SASAC re­futes ru­mors Chi­nese high-speed trains pose ra­di­a­tion safety risks

Global Times US Edition - - BIZUPDATE -

Elec­tro­mag­netic ra­di­a­tion on Chi­nese high-speed trains is within a safe range, said the State-owned As­sets Su­per­vi­sion and Ad­min­is­tra­tion Com­mis­sion (SASAC) on its of­fi­cial Wechat ac­count on Sun­day, re­fut­ing ru­mors that such ra­di­a­tion poses a health hazard.

“Such slan­der ap­peared on the in­ter­net in 2013, with highly sim­i­lar con­tent claim­ing that Chi­nese bul­let trains have ra­di­a­tion safety con­cerns,” said the SASAC.

All elec­tric ap­pli­ances emit ra­di­a­tion. That in­cludes mo­bile phones and ra­zors, which are used in daily life. Ra­di­a­tion will not af­fect peo­ple within a safe range, said the SASAC.

The safety stan­dard for elec­tric field ra­di­a­tion is less than 5 kilo­volts per me­ter, ac­cord­ing to the In­ter­na­tional Com­mis­sion on Non-ion­iz­ing Ra­di­a­tion Protection. The ra­di­a­tion level of Chi­nese bul­let trains is within the range of 0.011-0.021 kilo­volt/me­ter in high-speed rail­way cars, the con­nec­tions of cars and the cabs of dif­fer­ent mod­els, ac­cord­ing to data mea­sured by the Bei­jing Bureau of China Rail, the SASAC said.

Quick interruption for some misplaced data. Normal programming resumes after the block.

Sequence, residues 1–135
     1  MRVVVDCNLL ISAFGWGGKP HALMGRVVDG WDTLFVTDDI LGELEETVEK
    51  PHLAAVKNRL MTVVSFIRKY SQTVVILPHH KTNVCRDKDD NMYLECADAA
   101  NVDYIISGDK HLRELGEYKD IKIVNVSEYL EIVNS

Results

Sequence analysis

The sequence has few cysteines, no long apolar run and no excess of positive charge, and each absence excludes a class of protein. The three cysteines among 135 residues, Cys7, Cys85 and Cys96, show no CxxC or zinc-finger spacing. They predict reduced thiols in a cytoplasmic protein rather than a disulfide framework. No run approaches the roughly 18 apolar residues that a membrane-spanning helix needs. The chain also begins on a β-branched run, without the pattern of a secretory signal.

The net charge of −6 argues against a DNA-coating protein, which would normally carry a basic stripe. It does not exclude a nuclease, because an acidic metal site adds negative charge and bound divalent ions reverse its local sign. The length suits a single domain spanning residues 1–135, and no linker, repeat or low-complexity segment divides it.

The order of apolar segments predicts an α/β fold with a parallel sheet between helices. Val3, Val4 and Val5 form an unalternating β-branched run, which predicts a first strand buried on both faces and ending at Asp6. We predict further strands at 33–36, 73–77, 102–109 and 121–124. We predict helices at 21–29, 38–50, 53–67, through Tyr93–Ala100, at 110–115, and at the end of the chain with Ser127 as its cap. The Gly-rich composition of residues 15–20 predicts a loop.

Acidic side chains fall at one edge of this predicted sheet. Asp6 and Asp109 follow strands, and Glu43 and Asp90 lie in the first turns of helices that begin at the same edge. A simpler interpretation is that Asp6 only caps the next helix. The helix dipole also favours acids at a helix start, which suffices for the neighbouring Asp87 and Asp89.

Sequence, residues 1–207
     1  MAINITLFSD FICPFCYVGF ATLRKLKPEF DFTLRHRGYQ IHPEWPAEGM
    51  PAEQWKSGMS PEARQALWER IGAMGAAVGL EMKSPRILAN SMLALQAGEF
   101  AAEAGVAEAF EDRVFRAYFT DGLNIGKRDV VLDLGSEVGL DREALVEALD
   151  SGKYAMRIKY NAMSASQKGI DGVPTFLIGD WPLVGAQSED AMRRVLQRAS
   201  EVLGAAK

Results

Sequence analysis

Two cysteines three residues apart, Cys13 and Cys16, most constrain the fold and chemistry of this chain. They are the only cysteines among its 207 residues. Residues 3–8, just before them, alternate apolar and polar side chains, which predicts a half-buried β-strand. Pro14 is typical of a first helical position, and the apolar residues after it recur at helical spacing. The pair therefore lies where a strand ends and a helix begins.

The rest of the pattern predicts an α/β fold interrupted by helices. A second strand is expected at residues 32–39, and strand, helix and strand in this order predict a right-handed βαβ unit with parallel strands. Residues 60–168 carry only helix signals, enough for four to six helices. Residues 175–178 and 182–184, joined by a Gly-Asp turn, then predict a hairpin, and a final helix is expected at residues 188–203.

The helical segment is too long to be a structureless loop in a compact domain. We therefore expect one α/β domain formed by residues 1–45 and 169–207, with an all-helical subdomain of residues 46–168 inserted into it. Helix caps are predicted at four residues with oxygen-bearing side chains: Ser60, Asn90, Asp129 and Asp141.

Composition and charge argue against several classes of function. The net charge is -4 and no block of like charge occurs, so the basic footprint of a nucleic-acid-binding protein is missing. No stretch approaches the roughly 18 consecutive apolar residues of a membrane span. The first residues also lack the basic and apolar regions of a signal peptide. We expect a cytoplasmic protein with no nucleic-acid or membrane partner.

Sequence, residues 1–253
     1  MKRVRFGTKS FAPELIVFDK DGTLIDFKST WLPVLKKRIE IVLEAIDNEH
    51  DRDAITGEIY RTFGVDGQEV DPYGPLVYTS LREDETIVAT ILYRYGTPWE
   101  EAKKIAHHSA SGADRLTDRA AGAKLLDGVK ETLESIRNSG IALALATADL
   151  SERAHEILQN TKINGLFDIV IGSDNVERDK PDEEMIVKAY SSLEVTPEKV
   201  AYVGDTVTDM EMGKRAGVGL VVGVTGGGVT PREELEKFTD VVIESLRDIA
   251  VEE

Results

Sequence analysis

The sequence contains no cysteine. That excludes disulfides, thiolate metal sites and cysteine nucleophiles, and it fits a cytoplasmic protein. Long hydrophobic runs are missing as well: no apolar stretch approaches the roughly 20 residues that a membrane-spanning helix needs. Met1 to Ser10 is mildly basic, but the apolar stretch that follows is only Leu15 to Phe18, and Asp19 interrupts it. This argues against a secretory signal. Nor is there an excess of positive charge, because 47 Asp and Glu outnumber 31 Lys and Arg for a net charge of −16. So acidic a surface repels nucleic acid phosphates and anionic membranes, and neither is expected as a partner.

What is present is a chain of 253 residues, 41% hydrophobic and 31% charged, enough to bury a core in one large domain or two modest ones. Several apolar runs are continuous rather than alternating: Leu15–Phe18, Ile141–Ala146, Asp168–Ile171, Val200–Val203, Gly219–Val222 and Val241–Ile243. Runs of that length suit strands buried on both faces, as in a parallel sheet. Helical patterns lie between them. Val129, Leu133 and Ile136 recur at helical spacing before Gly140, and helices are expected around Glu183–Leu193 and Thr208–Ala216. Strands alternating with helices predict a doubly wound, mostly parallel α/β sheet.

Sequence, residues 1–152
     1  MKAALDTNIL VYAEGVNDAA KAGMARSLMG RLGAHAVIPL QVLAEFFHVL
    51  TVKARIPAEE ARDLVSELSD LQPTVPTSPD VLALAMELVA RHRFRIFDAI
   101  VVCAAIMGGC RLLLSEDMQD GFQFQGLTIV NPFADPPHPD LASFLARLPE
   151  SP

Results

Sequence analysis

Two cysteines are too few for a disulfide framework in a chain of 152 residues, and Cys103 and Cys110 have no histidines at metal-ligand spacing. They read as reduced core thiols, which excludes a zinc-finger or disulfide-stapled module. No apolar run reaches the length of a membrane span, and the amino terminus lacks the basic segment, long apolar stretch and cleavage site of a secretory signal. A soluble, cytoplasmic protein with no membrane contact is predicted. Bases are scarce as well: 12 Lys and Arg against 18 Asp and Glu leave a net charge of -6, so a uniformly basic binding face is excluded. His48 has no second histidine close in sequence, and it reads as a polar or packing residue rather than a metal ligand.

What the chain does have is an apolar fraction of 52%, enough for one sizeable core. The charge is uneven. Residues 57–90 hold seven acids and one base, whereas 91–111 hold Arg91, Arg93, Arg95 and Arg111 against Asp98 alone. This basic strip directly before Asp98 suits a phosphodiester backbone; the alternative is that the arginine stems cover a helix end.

“The amount is far below the in­ter­na­tional stan­dard, which is un­likely to harm hu­man be­ings,” said the SASAC.

“The elec­tro­mag­netic ra­di­a­tion mainly comes from the trac­tion mo­tor at the bot­tom of the car­riage,” said Jiang li, an ex­pert of China Rail­way Rolling Stock Corp (CRRC), the SASAC re­ported.

Jiang said that the metal shells of do­mes­tic car­riages have a shield­ing ef­fect, and the thick­ened metal plate un­der the seat can block ra­di­a­tion.

An anony­mous source at CRRC Qing­dao Si­fang Rolling Stock Re­search In­sti­tute Corp con­firmed the re­marks.

“Your chemistry teacher will cry you a river,” com­mented the SASAC when re­spond­ing to a ru­mor that France’s high-speed train, the TGV, uses lead sul­fide as an iso­la­tion layer to re­duce ra­di­a­tion.

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